A long weekend in Manawatū can be just what active explorers need. Or if you’re a local, make sure you get amongst the natural wonderland this region offers and tick off these three very iconic Manawatū hikes. Accessible to a range of fitness levels, you can also enjoy these hikes with tamariki in tow.

Day 1: Te Āpiti Manawatū Gorge

A national taonga nestled in outskirts of Ashurst and Palmerston North, Te Āpiti Manawatū Gorge is where the Ruahine and Tararua ranges meet – with the dramatic landscape and great divide known as Manawatū Gorge ever flowing from east to west.

There’s a large parking area with toilet facilities before you pass under the intricately carved entrance way – as the cultural history and legends of this place come to life right from your very first steps.

Popular with walkers, hikers, and runners alike, the 4 km Tawa Loop track takes you from flowing streams and waterfalls through to stunning nikau palms, tawa and podocarp forest, as well as beautiful look out points along the way. The steady 5% gradient definitely offers a nice cardio challenge with a beautiful variety of wildlife including native birds and plants that will keep budding active explorers happy as along the way.

If you’re an early bird, the morning light at Te Āpiti Manawatū Gorge is also a little bit magical – a mesmerising sight as the first rays of the sun filter through the lush evergreen foliage with native bird song abound.

And if you want a longer challenge, you can take on the 11km Manawatū Gorge one-way track that follows part of the Tawa Loop but continues on top of the track high above the river and gorge below.

Before you turn off from the Tawa Loop, make sure you pay homage to the mighty Whātonga, a majestic ancient Māori Chief nestled within the lush green forest. Over 6 metres tall, this impressive steel structure is an artistic feat to behold as it looms over ancient trees, a beautiful reminder to do our bit to appreciate and preserve the natural world.

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Whatonga Te Āpiti Manawatū Gorge

Day 2: Sledge Track

Swimming holes, waterfalls and even a Love’s Crossing, the Sledge Track is another popular spot for active explorers wanting to enjoy some time in the great outdoors within easy driving distance from the city.

Located behind Massey University up along Kahuterawa Rd, the Sledge Track is another hidden gem for hikes in Manawatū. With its fairly easy to moderate 10.9 km return track, you’ll be able to escape into pristine wilderness within a 20 minute drive from Palmerston North city.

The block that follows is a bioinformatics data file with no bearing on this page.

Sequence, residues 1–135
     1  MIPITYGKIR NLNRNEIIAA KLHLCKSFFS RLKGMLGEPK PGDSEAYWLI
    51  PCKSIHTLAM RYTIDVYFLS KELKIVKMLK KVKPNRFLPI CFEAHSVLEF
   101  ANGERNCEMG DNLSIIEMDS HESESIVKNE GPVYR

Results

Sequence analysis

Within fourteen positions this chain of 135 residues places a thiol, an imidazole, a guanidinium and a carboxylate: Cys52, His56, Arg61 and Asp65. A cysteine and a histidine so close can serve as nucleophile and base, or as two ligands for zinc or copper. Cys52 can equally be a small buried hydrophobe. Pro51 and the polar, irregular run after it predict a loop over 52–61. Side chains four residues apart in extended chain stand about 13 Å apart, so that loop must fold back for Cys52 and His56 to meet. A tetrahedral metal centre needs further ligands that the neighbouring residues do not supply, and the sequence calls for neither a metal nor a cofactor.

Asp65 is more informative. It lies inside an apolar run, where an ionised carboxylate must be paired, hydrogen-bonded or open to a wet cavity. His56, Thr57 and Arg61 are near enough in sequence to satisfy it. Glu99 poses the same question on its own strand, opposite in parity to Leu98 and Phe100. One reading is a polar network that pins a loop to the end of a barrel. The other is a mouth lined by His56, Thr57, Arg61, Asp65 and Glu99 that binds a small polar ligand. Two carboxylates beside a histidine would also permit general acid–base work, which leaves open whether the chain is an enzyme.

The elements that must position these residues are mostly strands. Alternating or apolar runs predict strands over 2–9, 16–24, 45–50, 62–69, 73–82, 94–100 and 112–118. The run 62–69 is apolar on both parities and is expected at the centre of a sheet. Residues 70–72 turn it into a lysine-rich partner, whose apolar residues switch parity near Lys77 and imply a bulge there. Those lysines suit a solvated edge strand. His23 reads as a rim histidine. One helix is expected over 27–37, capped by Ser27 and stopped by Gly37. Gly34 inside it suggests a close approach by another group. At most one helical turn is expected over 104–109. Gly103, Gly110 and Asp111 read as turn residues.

The Sledge Track is also dog friendly so you can take your four legged pal with you – on a leash of course. You begin with a relatively easy start with the first 30 minutes following the river as you wind past scenic picnic spots and swimming holes.

From the Argyle Rocks, the track begins to steepen towards the Toe Toe junction for the next 1.5 kms.

There’s a lovely swing bridge you’ll come to along the way which also offers an alternative loop journey over the gully and through the popular Arapuke Mountain Bike Park. However, these are shared paths so take care and be aware of mountain bikers traveling at speed.

From Toe Toe junction, you have the choice between the Platinum Mines Loop Track or the Otangane Loop Track, both of which are suited for more experienced trampers.

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Day 3: Rangiwahia Hut Track

Located in Northern Manawatū just outside the charming village of Āpiti, the 4.4 km (2-3 hrs) hike up to Rangiwahia Hut Track is a great day hike or overnight hut experience offering dramatic views as far as Mt Ruapehu.

Once renowned for its skiing history, the track today is well-graded and takes you through some incredible vistas – a stunning arched wooden bridge, deep ravines, red beech forests and enchanting Middle Earth scenery that will take your breath away.

The quiet serenity, the sweeping native bush, the Rangiwahia Hut Track has a steady incline to the tussock tops along the Whanahuia Range but absolutely doable and definitely worth the effort.

For those keen to stay overnight, Rangiwahia Hut is a serviced, cosy 12-bunk hut with water from tap (not treated so you’ll need to boil before use), a wood burner (firewood is supplied) and the most incredible views of Mount Ruapehu. The skies during sunset are rather spectacular, a pretty little waterfall and even the beautifully painted toilet facilities are Instagram worthy.

You’ll need to pack extra layers, bring your own food, as well as portable cooking stove and book online from the Department of Conservation website to make sure you get a bunk for the night.

Make sure to read up on the Land Safety Code so you can make the most of your wilderness experiences in Manawatū.

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